Judith was always concerned about the protection of the public and committed herself to this goal by serving on the Association of Professional Engineers and Geoscientists of Manitoba's (APEGM) "Safety in Engineering Practise" committee for two dozen years. In 1995, Judith received a Merit Award from APEGM for her pioneering work in the field of engineering. Judith was a life member of APEGM, having been active in membership for 45 years. She was also a "Fellow of Engineers Canada", a national recognition to honour individuals who have given noteworthy service to the engineering profession through their work and volunteerism. Judith pioneered a long service career as a woman in a male dominated profession, paving the professional path for other women in the engineering profession. Over the next 48 years, Judith and Erwin designed a large variety of structures and specialized engineering works, including schools, banks, community centres, airplane hangars, industrial and apartment buildings, churches and synagogues.

In 2012, marking the 100th anniversary of Raoul Wallenberg's birth, the Swedish Postal Service issued a commemorative stamp. When developing the stamp, the designer contacted Wallenberg's half-sister Nina Lagergren about the design. Nina provided the designer with a copy of Judith's Schutzpass, which Judith had given her in gratitude 15 years earlier when Nina was in Toronto to attend the unveiling of a statue honouring her half- brother Raoul. At the time the stamp was created, no one in the Swedish Postal Service had any idea that Judith Kopstein had survived the war. In 2013, Canada Post also issued a Wallenberg stamp featuring Judith's Schutzpass in the same fashion as the Swedes had done. It was complete serendipity that Judith's daughter Ann bought a set of the Wallenberg commemorative stamps when they were publicly released in Canada, "throwing them into her purse and only looking at them the next day." When she told her mother that her Schutzpass had found its way onto the stamp, Judith was exceedingly honoured and humbled to find herself on both the Swedish and Canadian stamps with her hero, Mr. Wallenberg.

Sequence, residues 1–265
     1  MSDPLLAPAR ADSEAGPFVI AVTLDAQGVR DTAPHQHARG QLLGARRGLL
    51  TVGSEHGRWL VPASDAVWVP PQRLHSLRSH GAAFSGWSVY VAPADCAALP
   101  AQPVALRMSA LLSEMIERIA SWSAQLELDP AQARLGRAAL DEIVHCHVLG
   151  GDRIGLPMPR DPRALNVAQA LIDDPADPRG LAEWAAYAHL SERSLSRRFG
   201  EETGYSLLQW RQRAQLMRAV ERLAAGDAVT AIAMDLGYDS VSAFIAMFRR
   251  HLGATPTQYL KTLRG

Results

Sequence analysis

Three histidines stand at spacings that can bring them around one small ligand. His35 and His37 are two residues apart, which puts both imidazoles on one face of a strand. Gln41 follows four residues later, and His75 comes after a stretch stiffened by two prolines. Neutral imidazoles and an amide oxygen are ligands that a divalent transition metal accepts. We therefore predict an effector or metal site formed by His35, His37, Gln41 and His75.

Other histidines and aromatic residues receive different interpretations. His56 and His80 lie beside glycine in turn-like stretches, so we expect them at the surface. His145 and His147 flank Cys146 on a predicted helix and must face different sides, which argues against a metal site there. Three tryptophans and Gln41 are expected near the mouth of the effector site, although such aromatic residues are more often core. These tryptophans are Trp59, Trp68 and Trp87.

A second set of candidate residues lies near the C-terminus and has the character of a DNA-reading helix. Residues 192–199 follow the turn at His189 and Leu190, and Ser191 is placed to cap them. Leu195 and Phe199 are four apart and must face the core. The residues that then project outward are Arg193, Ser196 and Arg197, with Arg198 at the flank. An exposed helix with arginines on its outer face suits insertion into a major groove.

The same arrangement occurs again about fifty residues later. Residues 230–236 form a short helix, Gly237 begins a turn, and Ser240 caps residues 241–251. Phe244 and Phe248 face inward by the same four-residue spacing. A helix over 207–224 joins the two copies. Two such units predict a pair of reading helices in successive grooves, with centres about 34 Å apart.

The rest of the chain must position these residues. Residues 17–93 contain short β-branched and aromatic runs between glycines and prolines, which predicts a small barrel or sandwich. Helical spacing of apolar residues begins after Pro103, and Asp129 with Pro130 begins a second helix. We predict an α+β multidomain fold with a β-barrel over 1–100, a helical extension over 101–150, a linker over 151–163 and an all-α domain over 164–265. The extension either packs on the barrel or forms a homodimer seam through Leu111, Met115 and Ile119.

Judith Weiszmann died on May 27th, 2014